Boomkat Product Review:
An amazing selection of works by American composer Robert Ashley, Alga Marghen's release The Wolfman compiles tape music from 1957 to 1964.
The earliest composition is 'The Fox' a stuttering, half-broken recording of a story being read out with a creepy delivery by Ashley. The broken tape sequences are somehow tinted by darkness - a fragmented, discordant flow of sound that can barely prepare the listener for 1964's 'The Wolfman', a scouringly ferocious noise piece that rivals anything you'd hear in modern times from Wolf Eyes, Prurient or even Merzbow.
It's just incredible, and almost impossible to place within the wider context of music being made in sixties America - you really have to hear it. As an accompaniment, 'The Wolfman Tape' takes away the vocal elements of the recording, resulting in a more subdued collage excursion. Finally comes the three-quarter-hour piece 'The Bottleman', conceived as a soundtrack to a George Manupelli film. This hollowed out drone work is a deeply subtle exploration of tonality, quietly plotting out a tundra-like sonic plain with an eerie sense of harmonic fluctuation.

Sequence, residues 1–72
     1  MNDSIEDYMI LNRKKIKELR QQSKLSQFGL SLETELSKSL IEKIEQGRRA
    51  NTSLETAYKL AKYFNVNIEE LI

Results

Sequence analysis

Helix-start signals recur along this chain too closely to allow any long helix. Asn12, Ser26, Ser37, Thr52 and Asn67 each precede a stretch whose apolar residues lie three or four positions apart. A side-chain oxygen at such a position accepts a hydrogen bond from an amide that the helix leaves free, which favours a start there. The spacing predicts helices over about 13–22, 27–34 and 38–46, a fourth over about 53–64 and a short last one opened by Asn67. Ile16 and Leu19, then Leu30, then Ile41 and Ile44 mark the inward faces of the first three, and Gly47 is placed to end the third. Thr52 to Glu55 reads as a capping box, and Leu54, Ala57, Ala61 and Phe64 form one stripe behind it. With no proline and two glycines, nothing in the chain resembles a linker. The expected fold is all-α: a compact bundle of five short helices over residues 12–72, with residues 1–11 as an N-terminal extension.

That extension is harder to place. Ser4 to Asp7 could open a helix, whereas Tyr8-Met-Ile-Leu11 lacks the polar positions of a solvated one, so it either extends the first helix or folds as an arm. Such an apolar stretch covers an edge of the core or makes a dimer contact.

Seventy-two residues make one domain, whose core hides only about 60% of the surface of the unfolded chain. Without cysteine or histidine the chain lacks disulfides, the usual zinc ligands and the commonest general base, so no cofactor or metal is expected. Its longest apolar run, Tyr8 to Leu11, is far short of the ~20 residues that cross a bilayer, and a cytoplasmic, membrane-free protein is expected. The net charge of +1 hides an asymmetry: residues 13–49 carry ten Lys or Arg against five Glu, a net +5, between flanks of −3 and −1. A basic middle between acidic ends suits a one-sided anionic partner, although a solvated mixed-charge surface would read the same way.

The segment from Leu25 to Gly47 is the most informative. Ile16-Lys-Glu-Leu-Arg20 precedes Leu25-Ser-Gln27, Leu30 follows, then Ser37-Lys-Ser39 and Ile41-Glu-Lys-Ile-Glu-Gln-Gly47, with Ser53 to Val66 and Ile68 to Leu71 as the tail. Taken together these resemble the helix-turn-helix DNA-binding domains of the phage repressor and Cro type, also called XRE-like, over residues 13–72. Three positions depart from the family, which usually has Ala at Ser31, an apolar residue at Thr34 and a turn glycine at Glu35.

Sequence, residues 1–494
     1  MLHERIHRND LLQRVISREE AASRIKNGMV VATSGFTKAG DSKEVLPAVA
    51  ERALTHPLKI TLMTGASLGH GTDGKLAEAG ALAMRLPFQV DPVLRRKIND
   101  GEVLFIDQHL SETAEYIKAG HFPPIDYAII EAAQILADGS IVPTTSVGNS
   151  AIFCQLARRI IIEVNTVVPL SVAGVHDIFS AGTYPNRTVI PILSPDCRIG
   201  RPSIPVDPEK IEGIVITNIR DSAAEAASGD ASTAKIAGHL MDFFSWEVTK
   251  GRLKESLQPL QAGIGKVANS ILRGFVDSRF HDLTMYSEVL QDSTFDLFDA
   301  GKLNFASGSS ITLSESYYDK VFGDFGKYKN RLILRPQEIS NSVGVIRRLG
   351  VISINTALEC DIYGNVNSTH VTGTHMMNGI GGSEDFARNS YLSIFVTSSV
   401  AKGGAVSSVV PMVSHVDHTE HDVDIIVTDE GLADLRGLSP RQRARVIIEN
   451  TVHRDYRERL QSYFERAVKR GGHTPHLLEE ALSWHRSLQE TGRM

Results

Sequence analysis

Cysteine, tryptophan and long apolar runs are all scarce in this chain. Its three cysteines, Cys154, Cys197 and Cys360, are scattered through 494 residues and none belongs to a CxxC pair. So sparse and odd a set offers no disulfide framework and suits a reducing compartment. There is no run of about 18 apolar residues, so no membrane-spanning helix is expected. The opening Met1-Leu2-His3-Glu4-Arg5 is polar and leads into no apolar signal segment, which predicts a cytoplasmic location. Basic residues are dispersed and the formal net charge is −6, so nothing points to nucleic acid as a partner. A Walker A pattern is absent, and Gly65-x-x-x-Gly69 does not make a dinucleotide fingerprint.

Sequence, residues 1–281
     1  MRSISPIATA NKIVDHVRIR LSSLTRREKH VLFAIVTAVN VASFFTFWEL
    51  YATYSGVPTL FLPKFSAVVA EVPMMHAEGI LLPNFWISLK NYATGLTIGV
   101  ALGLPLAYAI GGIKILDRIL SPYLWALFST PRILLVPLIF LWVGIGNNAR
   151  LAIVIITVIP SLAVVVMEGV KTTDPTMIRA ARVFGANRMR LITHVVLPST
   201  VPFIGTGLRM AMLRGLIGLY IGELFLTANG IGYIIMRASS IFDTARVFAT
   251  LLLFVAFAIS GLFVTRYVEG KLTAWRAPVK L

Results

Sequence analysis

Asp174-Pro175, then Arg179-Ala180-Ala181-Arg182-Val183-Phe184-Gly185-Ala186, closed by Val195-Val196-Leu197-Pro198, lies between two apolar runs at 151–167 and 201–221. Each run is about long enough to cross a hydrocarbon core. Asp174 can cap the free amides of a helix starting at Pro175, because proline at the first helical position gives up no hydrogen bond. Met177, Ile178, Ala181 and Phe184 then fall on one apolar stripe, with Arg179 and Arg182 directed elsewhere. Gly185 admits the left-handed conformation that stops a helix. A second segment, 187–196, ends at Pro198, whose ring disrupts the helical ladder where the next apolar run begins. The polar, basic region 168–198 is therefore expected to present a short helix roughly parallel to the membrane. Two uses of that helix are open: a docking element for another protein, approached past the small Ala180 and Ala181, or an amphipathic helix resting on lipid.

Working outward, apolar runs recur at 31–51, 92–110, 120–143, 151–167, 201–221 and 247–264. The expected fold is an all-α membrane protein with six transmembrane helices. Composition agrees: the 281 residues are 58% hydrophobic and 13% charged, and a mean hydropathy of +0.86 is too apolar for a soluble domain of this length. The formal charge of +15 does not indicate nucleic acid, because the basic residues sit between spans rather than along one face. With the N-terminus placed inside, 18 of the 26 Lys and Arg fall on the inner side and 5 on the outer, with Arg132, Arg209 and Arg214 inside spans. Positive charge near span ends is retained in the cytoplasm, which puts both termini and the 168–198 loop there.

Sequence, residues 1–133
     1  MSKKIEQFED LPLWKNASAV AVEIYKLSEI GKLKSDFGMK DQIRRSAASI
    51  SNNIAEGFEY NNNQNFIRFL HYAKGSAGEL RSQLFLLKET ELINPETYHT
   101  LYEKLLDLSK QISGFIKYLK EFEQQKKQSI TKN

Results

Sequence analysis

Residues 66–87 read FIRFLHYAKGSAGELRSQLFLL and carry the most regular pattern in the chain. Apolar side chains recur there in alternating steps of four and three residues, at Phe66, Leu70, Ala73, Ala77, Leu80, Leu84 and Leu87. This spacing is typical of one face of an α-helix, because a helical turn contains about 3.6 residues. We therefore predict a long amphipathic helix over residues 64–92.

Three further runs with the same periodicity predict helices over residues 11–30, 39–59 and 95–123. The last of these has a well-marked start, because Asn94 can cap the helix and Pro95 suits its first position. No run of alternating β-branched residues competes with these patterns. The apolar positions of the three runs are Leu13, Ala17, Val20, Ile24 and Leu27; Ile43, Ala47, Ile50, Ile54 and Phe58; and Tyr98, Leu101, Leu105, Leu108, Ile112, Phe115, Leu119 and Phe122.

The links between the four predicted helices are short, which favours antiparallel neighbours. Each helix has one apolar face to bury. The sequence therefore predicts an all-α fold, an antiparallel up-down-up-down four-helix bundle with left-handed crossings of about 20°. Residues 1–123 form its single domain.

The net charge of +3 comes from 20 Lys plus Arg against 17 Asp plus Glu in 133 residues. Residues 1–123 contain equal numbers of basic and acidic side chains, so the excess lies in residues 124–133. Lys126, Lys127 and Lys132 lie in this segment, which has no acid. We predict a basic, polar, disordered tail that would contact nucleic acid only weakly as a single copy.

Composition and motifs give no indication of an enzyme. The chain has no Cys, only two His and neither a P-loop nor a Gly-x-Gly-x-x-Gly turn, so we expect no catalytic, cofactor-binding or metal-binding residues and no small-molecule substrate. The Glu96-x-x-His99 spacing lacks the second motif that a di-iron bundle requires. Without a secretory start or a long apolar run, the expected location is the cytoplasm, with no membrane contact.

It's a breathtakingly good conclusion to an album that reveals a visionary figure in electronic music - one you may never have encountered previously, but whose output should be regarded as being of immense historical value. Very highly recommended.